Melvin is lined up over Kirk at the bottom of the screen. As soon as the ball is snapped, Melvin attacks Kirk and grills right into his frame. Kirk tries to cut inside to break free, but Melvin matches him step for step while working toward inside positioning on the potential catch-up. Cardinals quarterback Kyler Murray ends up throwing the slant route to Kirk without registering how open it was and nearly threw a pick directly into Melvin's hands. It is tough to earn such strong inside position on that short of a route, but Melvin has the attitude to get it done.
Beyond individual players, it's also worth mentioning some of the coverage wrinkles Patricia will throw in to make life easier on the secondary. The shuffling around of players to create matchups is certainly helpful, but that is most often done in man coverage. The assignment or general principle of the coverage doesn't change, but the matchups do. Where Patricia's creativity really shines is in what he does to get his edge players involved in coverage.
Patricia already had Devon Kennard in place from last season, but he also added Trey Flowers, formerly of the Patriots, this offseason. Both players are capable of fanning out into the flat or underneath area to help out in coverage. In many cases, that just means getting up out of a pass-rushing stance to mug a slot receiver, but that can go a long way in disrupting a quarterback's progression.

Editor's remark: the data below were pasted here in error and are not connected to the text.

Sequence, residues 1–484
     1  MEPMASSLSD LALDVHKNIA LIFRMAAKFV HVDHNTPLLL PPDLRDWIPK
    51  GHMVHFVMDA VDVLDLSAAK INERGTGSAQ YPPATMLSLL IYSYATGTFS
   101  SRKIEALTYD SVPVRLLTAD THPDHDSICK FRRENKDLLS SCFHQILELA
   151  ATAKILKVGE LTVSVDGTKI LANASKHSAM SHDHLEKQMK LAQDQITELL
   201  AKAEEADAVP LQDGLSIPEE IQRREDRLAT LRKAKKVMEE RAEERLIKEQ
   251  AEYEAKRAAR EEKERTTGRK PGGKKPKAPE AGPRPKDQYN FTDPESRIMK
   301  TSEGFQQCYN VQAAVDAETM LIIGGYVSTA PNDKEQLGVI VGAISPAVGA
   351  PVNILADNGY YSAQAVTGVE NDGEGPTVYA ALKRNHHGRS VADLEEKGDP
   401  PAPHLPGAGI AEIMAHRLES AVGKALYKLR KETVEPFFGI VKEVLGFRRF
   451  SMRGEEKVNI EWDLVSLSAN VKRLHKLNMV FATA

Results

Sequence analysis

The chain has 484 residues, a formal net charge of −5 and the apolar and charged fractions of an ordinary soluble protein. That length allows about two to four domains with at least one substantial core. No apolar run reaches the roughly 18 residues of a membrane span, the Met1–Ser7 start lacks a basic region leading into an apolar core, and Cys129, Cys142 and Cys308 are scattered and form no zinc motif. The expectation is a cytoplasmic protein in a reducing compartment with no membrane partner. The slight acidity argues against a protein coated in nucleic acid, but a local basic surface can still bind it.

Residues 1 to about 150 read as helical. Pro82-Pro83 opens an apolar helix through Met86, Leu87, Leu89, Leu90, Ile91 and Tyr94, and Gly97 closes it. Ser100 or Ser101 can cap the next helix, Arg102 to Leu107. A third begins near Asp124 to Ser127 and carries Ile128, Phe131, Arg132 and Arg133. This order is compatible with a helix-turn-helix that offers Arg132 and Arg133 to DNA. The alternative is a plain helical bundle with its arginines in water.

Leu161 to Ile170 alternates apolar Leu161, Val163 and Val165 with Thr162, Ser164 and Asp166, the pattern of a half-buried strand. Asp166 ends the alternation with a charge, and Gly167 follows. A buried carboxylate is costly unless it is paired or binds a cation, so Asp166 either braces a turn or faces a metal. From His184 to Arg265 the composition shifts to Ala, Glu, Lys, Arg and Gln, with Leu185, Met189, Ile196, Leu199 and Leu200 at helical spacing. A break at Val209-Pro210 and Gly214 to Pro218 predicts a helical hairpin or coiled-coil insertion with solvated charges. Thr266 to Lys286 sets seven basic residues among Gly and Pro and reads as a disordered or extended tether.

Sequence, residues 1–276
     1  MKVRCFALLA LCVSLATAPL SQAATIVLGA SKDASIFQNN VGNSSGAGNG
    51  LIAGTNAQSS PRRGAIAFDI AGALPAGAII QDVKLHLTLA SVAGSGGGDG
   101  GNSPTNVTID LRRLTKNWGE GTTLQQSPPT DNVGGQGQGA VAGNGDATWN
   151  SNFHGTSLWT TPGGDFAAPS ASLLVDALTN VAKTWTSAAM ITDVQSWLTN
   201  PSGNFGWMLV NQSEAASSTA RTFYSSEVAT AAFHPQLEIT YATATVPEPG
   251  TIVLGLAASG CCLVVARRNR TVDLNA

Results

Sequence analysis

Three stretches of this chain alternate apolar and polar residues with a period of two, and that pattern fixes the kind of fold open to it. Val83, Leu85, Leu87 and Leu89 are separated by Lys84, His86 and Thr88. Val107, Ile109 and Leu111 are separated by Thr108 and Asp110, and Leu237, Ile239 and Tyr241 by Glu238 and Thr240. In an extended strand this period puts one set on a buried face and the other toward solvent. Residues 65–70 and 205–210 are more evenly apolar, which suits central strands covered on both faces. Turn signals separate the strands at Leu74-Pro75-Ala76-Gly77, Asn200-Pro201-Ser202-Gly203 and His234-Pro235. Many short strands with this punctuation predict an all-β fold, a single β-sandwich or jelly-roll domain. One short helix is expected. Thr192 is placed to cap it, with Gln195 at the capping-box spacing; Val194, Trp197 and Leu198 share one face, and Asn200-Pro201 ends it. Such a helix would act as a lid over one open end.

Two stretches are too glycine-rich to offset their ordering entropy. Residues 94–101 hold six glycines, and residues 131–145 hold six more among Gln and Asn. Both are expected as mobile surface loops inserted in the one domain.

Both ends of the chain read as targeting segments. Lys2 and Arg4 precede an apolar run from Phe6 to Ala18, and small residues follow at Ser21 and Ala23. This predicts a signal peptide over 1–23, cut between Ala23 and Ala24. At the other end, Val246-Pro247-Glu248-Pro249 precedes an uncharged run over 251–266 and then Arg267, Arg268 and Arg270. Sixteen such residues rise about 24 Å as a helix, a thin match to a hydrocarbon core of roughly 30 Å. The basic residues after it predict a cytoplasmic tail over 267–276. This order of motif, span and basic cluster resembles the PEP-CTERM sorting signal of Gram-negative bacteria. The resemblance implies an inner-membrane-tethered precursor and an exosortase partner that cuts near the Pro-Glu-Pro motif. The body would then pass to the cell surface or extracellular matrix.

Flowers and Kennard, respectively, crush the offense's slot receivers trying to stem inside on each of these plays. In both clips, the receiver is either knocked down entirely or severely impeded. The quarterback in each clip tries to peek their way at the snap, but the moment they get tagged by Detroit's edge players, they have to move their eyes elsewhere.
Even though the receiver in the second clip kind of runs into open grass well after he was disrupted, the quarterback had no business looking his way because he had to move on to his other reads so as to give the play a chance. The quarterback can not stand dormant in the pocket hoping that the receiver eventually finds his footing in time.
Detroit's pass defense is far from perfect. The cornerbacks still struggle to match comfortably in zone coverages and the linebackers are liabilities if they are asked to do anything but flow to running backs on short routes out of the backfield. Compared to last year's joke of a unit, though, this new and improved pass defense is a godsend. Detroit's pass defense is now a central part of why they are competitive rather than their Achilles heel.
For as well as the Lions' secondary has played to this point, they will face their toughest matchup of the year when they host the Kansas City Chiefs on Sunday. The Chiefs' offense has picked up right where it left off last year and has not shown any signs of slowing down.
The good news is, if anything is going to hinder the Chiefs offense, it's good press coverage across the board. That's how the Patriots slowed down the Chiefs in the playoffs and Patricia will surely deploy a similar strategy. Even the Arizona Cardinals defense had some success last season against Kansas City by playing quality press coverage, particularly on Travis Kelce and Tyreek Hill. This is as good an opportunity as any for Patricia to prove his defensive genius and for Detroit's secondary to work themselves into the national conversation as one of the better units in the league.